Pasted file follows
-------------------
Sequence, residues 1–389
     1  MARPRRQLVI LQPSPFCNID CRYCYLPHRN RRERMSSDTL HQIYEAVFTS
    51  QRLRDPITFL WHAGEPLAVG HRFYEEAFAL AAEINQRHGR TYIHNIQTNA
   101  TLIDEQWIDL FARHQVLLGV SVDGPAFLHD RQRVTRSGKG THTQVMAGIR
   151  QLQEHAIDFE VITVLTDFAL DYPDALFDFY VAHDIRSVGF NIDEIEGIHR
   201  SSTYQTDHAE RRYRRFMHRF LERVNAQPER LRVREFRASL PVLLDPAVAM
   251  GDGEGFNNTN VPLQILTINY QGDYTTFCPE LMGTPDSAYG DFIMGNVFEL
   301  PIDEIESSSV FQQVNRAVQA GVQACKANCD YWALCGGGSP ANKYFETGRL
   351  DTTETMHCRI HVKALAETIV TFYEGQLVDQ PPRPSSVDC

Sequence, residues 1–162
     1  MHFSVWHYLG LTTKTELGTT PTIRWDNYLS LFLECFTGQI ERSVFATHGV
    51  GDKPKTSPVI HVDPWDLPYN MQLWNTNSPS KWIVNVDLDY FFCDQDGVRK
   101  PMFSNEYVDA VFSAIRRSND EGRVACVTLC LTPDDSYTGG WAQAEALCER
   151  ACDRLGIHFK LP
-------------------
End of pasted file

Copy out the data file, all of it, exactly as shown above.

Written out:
Sequence, residues 1–389
     1  MARPRRQLVI LQPSPFCNID CRYCYLPHRN RRERMSSDTL HQIYEAVFTS
    51  QRLRDPITFL WHAGEPLAVG HRFYEEAFAL AAEINQRHGR TYIHNIQTNA
   101  TLIDEQWIDL FARHQVLLGV SVDGPAFLHD RQRVTRSGKG THTQVMAGIR
   151  QLQEHAIDFE VITVLTDFAL DYPDALFDFY VAHDIRSVGF NIDEIEGIHR
   201  SSTYQTDHAE RRYRRFMHRF LERVNAQPER LRVREFRASL PVLLDPAVAM
   251  GDGEGFNNTN VPLQILTINY QGDYTTFCPE LMGTPDSAYG DFIMGNVFEL
   301  PIDEIESSSV FQQVNRAVQA GVQACKANCD YWALCGGGSP ANKYFETGRL
   351  DTTETMHCRI HVKALAETIV TFYEGQLVDQ PPRPSSVDC

Sequence, residues 1–162
     1  MHFSVWHYLG LTTKTELGTT PTIRWDNYLS LFLECFTGQI ERSVFATHGV
    51  GDKPKTSPVI HVDPWDLPYN MQLWNTNSPS KWIVNVDLDY FFCDQDGVRK
   101  PMFSNEYVDA VFSAIRRSND EGRVACVTLC LTPDDSYTGG WAQAEALCER
   151  ACDRLGIHFK LP